Afghanistan Memorial


The Afghanistan Memorial in Lacombe

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Part One:  Development, History and Vital Statistics of the LAV 3

The LAV III Kodiak armored personnel carrier is a license produced version of Swiss MOWAG Piranha IIIH. Vehicle is produced by General Motors Land Systems. It entered service with the Canadian Army in 1999. At some point Canadian Army operated 651 of these armored vehicles in various versions. The LAV III was the primary Canadian mechanized infantry vehicle, which replaced the M113 and other vehicles. It formed the backbone of the Canadian armored vehicle fleet. Since 2011 Canadian Army signed contracts to upgrade 616 of its LAV III vehicles to a LAV 6.0 standard. Deliveries reportedly commenced in 2015 and are planned to be completed in 2017. Export operators of the LAV III are USA and New Zealand. The US Army uses a modified variant, called Stryker, which is fitted with remote weapon station in place of the turret.

The Kodiak has improved armor protection, comparing with previous Swiss MOWAG Piranhas. Basic armor provides all-round protection against 7.62 mm rounds. A ceramic add-on armor can be installed for a higher level of protection. It protects against 14.5 mm machine guns fire. Some sources claim, that front armor of the Kodiak with add-on armor plates can withstand hits from 30 mm cannons. It makes the LAV III one of the most protected armored personnel carrier in the world. This armored vehicle can be also fitted with a cage armor, which provides protection against anti-tank rockets. Undercarriage was strengthened for improved mine-blast survivability. Vehicle is fitted with an automatic fire suppression system and NBC protection system.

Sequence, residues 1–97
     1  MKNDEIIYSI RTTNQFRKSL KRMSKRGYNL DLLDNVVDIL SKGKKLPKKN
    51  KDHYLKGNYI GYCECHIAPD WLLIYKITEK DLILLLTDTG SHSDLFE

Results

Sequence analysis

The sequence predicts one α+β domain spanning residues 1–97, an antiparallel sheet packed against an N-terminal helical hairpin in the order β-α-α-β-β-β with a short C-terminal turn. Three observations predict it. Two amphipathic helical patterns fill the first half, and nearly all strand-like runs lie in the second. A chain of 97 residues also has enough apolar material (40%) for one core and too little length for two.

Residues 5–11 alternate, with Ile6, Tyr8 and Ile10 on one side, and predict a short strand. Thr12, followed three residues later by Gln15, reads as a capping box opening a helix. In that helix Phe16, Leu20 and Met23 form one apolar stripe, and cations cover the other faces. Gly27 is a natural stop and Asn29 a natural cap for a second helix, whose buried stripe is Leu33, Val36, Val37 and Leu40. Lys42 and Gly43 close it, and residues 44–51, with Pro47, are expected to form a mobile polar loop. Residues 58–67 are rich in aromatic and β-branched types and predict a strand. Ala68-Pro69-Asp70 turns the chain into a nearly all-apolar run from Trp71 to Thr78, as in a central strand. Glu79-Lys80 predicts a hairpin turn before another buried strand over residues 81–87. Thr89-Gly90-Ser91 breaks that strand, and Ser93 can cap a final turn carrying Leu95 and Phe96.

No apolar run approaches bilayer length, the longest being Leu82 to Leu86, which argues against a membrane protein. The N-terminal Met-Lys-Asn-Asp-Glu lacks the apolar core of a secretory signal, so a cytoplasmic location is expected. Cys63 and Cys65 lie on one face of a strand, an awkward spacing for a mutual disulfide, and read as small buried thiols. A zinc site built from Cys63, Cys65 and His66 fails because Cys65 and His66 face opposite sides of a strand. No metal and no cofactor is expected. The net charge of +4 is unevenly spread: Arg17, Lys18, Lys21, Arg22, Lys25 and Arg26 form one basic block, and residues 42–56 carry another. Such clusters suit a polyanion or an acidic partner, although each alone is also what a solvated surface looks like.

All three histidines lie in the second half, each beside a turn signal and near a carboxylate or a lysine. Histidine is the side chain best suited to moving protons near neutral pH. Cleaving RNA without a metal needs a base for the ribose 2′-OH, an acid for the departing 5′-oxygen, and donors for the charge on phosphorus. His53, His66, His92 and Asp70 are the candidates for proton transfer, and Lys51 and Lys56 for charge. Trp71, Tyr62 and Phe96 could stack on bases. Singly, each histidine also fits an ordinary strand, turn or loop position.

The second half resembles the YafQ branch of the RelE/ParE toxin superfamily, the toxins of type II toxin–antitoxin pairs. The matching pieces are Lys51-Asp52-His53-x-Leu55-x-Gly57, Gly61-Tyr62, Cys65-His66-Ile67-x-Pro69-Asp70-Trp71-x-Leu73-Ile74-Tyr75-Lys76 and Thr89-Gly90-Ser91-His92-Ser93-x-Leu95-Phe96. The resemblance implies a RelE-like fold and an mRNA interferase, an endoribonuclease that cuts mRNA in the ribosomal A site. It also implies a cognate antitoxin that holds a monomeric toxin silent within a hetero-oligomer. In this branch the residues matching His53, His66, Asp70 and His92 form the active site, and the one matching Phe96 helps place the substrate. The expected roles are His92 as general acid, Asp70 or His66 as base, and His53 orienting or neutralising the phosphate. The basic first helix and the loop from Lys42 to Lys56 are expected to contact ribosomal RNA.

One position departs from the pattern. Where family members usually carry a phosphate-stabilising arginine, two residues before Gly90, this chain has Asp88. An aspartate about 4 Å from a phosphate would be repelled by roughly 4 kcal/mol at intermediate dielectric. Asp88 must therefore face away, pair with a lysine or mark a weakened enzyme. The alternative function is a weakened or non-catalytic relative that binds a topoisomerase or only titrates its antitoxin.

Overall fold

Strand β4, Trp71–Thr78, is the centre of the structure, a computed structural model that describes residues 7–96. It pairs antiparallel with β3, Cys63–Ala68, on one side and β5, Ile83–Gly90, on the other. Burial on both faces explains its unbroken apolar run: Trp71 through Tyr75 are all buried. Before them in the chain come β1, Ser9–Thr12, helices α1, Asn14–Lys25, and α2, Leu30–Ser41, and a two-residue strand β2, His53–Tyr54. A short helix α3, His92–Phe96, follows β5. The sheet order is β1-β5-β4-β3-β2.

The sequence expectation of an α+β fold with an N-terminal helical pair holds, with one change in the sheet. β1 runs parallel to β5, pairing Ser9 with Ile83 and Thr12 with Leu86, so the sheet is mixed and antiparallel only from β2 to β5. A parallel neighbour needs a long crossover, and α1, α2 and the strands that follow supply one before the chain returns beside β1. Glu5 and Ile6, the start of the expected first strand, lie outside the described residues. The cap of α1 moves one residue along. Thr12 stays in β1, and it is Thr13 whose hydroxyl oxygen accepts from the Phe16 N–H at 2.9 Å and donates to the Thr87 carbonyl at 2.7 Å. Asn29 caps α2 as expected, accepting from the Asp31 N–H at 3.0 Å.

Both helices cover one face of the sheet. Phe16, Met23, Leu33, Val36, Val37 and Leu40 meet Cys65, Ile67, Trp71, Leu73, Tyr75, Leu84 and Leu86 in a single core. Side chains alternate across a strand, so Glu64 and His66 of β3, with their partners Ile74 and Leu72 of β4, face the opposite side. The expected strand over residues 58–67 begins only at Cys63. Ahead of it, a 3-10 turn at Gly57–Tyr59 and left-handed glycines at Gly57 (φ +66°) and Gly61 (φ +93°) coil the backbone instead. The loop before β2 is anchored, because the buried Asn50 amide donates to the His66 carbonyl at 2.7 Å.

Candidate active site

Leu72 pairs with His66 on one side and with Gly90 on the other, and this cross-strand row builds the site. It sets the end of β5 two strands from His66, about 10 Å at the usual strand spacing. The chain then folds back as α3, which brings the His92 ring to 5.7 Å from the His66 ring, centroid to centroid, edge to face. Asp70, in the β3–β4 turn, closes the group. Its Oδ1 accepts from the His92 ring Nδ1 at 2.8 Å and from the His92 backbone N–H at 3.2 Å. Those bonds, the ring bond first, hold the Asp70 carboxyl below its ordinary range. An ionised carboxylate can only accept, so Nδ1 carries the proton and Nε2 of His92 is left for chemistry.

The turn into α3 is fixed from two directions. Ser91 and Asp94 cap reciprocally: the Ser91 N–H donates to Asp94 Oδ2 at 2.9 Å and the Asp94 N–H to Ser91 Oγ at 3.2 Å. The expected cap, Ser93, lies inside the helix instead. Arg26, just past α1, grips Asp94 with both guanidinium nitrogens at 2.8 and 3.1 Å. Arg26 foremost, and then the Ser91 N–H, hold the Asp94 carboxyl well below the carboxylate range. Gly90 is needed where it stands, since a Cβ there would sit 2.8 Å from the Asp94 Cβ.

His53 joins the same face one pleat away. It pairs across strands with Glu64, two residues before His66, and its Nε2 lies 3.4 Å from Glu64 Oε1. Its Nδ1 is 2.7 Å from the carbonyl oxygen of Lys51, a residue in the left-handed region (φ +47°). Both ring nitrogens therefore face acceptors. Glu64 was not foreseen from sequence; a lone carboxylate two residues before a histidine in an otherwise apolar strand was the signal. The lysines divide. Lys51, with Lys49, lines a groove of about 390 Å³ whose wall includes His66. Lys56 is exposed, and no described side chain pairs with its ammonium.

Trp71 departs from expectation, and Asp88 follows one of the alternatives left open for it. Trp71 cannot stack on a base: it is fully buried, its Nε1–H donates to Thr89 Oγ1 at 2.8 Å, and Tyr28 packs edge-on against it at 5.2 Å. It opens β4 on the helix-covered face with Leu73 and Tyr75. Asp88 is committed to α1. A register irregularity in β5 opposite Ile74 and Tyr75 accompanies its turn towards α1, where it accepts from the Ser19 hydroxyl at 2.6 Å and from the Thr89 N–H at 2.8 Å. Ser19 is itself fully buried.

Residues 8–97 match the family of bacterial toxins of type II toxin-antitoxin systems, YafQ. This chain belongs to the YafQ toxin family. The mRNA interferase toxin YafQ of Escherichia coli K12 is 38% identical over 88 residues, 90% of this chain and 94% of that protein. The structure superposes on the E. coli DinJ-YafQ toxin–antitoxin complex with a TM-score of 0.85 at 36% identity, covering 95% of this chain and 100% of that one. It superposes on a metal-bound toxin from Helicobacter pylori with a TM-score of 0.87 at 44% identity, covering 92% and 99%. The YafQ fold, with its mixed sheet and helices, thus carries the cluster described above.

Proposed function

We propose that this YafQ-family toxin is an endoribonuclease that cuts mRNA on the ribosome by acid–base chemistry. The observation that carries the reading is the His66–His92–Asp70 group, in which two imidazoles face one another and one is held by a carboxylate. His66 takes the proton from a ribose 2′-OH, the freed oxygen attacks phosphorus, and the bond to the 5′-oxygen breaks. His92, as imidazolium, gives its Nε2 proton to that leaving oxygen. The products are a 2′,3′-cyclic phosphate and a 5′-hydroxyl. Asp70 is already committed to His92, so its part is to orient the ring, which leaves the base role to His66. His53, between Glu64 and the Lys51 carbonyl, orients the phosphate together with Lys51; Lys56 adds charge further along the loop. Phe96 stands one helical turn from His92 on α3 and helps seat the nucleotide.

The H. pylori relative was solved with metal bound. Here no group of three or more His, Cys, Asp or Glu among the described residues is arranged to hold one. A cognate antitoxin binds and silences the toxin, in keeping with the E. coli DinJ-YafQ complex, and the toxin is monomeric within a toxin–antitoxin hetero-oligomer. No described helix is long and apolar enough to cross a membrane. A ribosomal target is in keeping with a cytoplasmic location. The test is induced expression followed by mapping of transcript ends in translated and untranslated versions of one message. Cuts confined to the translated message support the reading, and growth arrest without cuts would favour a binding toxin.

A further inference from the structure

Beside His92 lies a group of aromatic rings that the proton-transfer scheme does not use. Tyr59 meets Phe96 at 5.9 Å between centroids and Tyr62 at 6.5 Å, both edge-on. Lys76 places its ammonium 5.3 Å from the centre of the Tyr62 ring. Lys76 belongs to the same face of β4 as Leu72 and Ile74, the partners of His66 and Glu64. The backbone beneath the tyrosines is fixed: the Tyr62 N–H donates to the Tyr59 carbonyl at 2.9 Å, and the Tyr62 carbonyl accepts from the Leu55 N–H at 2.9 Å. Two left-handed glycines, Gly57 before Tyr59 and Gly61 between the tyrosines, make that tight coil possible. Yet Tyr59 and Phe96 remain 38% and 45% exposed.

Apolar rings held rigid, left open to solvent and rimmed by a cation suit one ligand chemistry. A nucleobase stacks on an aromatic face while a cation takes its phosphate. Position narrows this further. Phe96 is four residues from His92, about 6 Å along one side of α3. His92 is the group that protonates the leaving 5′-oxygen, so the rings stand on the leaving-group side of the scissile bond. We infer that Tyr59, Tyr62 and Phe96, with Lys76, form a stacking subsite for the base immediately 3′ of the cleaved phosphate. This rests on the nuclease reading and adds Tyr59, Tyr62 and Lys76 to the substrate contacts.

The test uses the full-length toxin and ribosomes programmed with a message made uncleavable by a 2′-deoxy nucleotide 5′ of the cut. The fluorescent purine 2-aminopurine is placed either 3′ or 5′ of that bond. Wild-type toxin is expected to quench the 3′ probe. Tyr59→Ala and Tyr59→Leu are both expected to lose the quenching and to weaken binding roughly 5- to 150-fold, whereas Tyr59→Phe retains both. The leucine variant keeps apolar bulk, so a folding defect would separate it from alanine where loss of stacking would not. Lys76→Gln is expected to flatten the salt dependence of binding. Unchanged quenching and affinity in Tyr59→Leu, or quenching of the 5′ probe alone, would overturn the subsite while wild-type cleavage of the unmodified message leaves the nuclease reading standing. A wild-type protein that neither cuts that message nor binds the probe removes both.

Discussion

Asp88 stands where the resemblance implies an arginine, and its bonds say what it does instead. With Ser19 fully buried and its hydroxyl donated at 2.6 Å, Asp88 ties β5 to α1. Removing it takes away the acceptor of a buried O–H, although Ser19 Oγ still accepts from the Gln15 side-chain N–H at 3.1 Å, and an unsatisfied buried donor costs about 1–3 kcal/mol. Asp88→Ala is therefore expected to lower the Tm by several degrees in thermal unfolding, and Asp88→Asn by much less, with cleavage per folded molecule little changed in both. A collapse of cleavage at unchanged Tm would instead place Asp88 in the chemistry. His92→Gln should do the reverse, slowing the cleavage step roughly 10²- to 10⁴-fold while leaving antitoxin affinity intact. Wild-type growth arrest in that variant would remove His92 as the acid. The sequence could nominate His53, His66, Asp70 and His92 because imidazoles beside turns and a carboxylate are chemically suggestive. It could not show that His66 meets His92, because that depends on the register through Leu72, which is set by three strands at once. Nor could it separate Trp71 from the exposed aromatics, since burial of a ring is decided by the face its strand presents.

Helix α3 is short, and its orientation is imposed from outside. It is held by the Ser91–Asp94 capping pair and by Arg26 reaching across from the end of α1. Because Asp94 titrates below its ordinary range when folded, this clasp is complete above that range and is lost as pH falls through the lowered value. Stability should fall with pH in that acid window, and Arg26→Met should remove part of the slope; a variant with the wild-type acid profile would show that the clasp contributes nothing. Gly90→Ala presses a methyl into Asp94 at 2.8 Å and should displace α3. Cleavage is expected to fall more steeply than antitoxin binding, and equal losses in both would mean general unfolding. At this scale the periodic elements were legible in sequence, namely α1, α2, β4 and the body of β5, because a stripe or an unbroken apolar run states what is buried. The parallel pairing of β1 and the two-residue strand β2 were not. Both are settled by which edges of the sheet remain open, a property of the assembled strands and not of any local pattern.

In 2009 to address the threat of improvised explosive devices in Afghanistan the Canadian LAV IIIs were fitted with new belly and side armor, as well as energy absorbing seats. Though this increased the weight to 23.6 t.

  • The LAV III Kodiak is fitted with a two-man turret, armed with the M242 Bushmaster 25 mm 
  • chain gun and coaxial 7.62 mm machine gun. One more 5.56 mm machine gun is positioned 
  •  on top of the roof. The 25 mm chain gun fire standard NATO 25 mm ammunition. It has a 2 
  • 400 m range of effective fire. Both gunner and commander can fire the gun.

The Kodiak has a crew of three, and can carry 6-7 troops. Soldiers enter and leave the vehicle through the rear ramp or roof hatches.

Vehicle is powered by a Caterpillar 3126 diesel engine, developing 350 horsepower. It is fitted with a central tyre inflation system, which allows to adjust to different terrain, thus extending cross-country mobility. The LAV III Kodiak armored personnel carrier is not amphibious.

Source:  http://www.military-today.com/apc/kodiak.htm


Vital Statistics:   LAV III LIGHT ARMOURED VEHICLE

Although its armour can withstand a hit by most RPGs, soldiers are often required to be exposed through its hatches to perform their jobs.

  • Weight: 19,950 kg;  
  • Length: 6.98 m
  • Height: 2.69 m
  • Range: 550 km